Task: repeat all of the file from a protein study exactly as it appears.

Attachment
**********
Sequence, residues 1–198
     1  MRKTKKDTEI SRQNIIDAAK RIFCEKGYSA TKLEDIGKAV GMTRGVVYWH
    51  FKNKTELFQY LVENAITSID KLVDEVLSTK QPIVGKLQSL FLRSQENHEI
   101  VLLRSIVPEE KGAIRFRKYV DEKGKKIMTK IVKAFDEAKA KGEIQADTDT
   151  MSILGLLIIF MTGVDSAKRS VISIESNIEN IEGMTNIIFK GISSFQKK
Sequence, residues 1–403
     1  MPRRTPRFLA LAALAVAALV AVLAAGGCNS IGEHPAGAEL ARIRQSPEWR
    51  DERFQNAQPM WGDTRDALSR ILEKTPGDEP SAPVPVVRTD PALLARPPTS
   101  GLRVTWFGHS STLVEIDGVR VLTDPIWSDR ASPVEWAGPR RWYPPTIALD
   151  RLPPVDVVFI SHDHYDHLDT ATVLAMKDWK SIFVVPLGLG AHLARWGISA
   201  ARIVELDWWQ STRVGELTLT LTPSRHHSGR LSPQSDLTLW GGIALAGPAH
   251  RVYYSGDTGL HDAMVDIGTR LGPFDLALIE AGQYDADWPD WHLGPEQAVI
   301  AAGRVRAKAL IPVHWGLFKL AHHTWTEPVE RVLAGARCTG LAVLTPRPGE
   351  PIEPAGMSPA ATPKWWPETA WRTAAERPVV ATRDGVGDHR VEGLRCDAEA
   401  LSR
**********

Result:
Sequence, residues 1–198
     1  MRKTKKDTEI SRQNIIDAAK RIFCEKGYSA TKLEDIGKAV GMTRGVVYWH
    51  FKNKTELFQY LVENAITSID KLVDEVLSTK QPIVGKLQSL FLRSQENHEI
   101  VLLRSIVPEE KGAIRFRKYV DEKGKKIMTK IVKAFDEAKA KGEIQADTDT
   151  MSILGLLIIF MTGVDSAKRS VISIESNIEN IEGMTNIIFK GISSFQKK
Sequence, residues 1–403
     1  MPRRTPRFLA LAALAVAALV AVLAAGGCNS IGEHPAGAEL ARIRQSPEWR
    51  DERFQNAQPM WGDTRDALSR ILEKTPGDEP SAPVPVVRTD PALLARPPTS
   101  GLRVTWFGHS STLVEIDGVR VLTDPIWSDR ASPVEWAGPR RWYPPTIALD
   151  RLPPVDVVFI SHDHYDHLDT ATVLAMKDWK SIFVVPLGLG AHLARWGISA
   201  ARIVELDWWQ STRVGELTLT LTPSRHHSGR LSPQSDLTLW GGIALAGPAH
   251  RVYYSGDTGL HDAMVDIGTR LGPFDLALIE AGQYDADWPD WHLGPEQAVI
   301  AAGRVRAKAL IPVHWGLFKL AHHTWTEPVE RVLAGARCTG LAVLTPRPGE
   351  PIEPAGMSPA ATPKWWPETA WRTAAERPVV ATRDGVGDHR VEGLRCDAEA
   401  LSR